Buying an airplane during an economic downturn pays off for UniFirst.
Nov. 12, 2012
Starting a new corporate flight program and building an internal flight department during an economic downturn may seem counterintuitive to sound business practices. However, for UniFirst Corporation, a fast-growing leader in the uniform and textile services industry, it was a savvy business move. Not only did buying an airplane and developing its own flight team help UniFirst become more nimble in managing its overall business, it also helped the company contain costs, improve travel efficiency, boost its brand and secure larger customer accounts.
UniFirst’s core business is the delivery of uniform rental and service programs. Its customers are provided with all their employees’ work clothing and hygienic laundering, along with garment maintenance, repairs and replacements, for one low, per-wearer weekly fee.
The company, which is headquartered in the Boston suburb of Wilmington, MA, operates more than 220 facilities spread throughout North America. Previously UniFirst had been using fractional aircraft ownership to meet its various executive travel needs. However, when airplane prices dropped a few years ago as a result of the struggling economy, UniFirst President and CEO Ronald Croatti decided it was an opportune time to look into purchasing a corporate aircraft outright in order to take greater control of the company’s executive-level travel requirements.
“Business aviation travel is essential for me, as well as for many of our employees. We’re very involved with all aspects of our coast-to-coast operations throughout North America, and I personally make it a point to visit as many of our locations and customers as possible throughout the year,” Croatti said. “When we were involved in fractional ownership, costs had been continually increasing to the point where the full ownership option became more attractive. That fact, coupled with the increased travel flexibility ownership provides, made the decision to buy our own plane an easy one.”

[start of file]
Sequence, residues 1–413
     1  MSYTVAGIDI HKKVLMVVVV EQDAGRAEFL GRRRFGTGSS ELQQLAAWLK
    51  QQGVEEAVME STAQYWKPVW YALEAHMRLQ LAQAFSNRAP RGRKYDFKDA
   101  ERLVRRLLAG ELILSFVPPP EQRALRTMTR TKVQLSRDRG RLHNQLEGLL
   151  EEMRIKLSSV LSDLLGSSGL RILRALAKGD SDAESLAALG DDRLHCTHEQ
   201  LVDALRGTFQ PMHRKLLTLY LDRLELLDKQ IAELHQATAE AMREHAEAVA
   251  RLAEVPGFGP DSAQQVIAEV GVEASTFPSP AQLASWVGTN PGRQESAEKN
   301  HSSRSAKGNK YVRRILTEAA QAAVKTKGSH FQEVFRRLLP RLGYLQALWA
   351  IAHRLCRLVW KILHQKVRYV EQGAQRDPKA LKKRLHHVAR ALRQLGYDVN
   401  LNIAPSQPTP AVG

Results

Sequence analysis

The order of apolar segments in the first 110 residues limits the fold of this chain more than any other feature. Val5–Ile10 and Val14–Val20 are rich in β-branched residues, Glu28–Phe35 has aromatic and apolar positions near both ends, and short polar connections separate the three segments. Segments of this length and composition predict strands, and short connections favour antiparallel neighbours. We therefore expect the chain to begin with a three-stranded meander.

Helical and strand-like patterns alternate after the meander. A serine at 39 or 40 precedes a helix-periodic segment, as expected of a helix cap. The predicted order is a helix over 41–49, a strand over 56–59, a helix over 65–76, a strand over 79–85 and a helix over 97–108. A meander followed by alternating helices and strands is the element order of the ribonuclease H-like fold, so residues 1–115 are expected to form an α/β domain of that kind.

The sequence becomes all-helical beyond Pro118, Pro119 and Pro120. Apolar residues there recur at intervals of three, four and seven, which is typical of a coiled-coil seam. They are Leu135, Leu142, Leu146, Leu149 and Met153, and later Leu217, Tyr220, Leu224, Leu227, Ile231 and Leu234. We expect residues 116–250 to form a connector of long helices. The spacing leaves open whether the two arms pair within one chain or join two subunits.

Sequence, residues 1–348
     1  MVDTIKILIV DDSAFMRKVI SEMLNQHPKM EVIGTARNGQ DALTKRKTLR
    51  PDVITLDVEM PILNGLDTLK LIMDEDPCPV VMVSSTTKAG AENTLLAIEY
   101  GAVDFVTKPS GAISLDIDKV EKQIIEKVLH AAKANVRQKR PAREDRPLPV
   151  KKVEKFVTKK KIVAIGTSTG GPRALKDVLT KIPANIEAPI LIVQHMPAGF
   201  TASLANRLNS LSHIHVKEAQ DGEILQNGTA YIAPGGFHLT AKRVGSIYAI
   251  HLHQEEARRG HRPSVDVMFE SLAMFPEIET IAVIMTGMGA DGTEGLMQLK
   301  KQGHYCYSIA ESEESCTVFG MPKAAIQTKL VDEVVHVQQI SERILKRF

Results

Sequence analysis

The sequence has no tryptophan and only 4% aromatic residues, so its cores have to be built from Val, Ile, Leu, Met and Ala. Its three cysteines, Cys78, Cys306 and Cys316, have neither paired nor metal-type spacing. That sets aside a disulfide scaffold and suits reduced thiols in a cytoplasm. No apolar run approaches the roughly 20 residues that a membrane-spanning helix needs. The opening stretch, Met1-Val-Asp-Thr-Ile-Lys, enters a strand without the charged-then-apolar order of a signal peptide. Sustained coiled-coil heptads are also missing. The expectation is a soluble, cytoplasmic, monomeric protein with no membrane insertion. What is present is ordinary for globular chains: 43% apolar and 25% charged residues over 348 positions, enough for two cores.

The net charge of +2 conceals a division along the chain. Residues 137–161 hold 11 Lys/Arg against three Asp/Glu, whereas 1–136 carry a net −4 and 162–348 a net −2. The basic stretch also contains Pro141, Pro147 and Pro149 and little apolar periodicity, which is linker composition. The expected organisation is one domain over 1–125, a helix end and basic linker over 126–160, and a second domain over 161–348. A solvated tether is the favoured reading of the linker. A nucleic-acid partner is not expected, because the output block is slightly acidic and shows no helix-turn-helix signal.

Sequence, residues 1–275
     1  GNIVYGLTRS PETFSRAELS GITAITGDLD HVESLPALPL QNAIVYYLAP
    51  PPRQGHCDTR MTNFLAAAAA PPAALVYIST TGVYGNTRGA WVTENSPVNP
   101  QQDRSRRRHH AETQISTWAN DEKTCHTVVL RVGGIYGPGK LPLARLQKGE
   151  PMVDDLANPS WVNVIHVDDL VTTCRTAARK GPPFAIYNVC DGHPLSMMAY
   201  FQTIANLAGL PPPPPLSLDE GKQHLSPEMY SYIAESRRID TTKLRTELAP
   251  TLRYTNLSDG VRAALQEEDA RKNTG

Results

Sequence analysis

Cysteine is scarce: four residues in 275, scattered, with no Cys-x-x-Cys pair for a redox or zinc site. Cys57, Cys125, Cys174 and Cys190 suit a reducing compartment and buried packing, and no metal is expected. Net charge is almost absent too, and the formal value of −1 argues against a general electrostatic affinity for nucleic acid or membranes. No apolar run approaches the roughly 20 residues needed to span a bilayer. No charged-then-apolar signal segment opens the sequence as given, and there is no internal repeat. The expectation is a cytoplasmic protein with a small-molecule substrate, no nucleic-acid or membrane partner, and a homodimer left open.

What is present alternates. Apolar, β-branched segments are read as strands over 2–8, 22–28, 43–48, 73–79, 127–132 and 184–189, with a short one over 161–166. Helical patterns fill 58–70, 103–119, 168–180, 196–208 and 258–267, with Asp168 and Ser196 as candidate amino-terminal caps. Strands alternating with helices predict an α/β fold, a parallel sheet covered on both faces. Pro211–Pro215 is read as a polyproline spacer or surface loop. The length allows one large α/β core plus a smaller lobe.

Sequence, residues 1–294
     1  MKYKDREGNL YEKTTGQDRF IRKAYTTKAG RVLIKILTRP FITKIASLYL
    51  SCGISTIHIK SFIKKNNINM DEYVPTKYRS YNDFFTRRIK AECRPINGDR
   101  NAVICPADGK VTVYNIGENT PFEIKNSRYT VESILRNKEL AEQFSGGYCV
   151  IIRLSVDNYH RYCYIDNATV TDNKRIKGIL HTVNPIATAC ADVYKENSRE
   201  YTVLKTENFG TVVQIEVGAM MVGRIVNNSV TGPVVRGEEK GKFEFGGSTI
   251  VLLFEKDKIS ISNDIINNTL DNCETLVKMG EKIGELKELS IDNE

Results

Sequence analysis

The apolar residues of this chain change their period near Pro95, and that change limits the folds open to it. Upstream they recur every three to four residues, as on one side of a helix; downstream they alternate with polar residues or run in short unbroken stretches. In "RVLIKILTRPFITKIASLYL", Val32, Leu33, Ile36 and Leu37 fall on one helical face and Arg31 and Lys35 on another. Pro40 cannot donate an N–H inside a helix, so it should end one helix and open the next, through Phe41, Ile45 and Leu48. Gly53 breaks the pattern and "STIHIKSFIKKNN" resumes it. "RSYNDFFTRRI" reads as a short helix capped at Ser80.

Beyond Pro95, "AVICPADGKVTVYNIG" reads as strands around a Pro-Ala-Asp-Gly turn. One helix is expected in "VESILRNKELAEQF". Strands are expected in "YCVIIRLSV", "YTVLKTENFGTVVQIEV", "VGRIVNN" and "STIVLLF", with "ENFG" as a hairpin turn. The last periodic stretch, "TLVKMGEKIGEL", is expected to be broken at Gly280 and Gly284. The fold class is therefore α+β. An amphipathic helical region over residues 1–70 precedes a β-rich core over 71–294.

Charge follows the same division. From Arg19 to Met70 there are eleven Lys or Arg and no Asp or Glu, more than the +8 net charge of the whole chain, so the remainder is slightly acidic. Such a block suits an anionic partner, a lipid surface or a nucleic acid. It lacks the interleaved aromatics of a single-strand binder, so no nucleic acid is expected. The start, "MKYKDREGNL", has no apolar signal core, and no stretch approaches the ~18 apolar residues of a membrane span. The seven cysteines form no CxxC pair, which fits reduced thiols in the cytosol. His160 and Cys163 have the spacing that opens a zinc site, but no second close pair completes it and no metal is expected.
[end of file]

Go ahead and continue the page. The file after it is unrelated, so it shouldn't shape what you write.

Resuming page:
The solution for UniFirst was the purchase of a previously owned Challenger CL601-3A, and the creation of a new internal flight department, built from the ground up, that includes Katha House, chief pilot; Matthew Walden, captain/safety officer; David MacEwen, director of maintenance; and two administrators. UniFirst’s airplane and flight department are currently based at Manchester-Boston Regional Airport (MHT), located in southern New Hampshire (30 minutes from the company’s corporate office).
Croatti said UniFirst’s plane is particularly valuable during the company’s annual “budget season” (July through October). It’s during this period when he and other financial executives meet with virtually every UniFirst location management team in the U.S. and Canada to review business plans for the new fiscal year. “To accomplish this kind of face-to-face interaction at so many sites simply cannot be done flying commercial, at least not in an efficient and economical manner.”
Aircraft ownership “also helps us nurture business relationships by more easily arranging customer tours of our various facilities and operations to demonstrate first-hand our national servicing capabilities,” Croatti said. “Our clients appreciate this kind of hospitality, and it has a direct positive impact on our brand, our credibility and our ability to close new national accounts,” he added.
The UniFirst aircraft flies nearly 300 hours annually and it’s always “ready to go,” said Katha House, certified aviation manager. For example, there was a recent incident at one of UniFirst’s servicing plants that required the CEO’s immediate attention, but the location was not easily accessible by commercial airlines. Mr. Croatti called his flight team and asked, “How quickly can we get airborne?” The response? “Within an hour!” And as you can surmise, the issue was handled effectively and in a timely manner.
It’s this kind of airborne flexibility and control that helps UniFirst remain a bona fide leader in the uniform and textile services business.
UniFirst is a company that continues to prosper, despite the tepid pace of U.S. growth overall. As CEO Ronald Croatti said in the company’s 2011 annual report, “Despite a sluggish economy and consistently high national unemployment rates, our annual revenues for fiscal 2011 were a record $1.134 billion, which was a 10.5 percent increase over fiscal 2010’s previous record of $1.026 billion. Net income for the year was also a new record at $76.5 million, up slightly from last year’s $76.4 million.” Could it be coincidental that this stellar performance occurred after UniFirst purchased its own plane and launched its new internal flight department?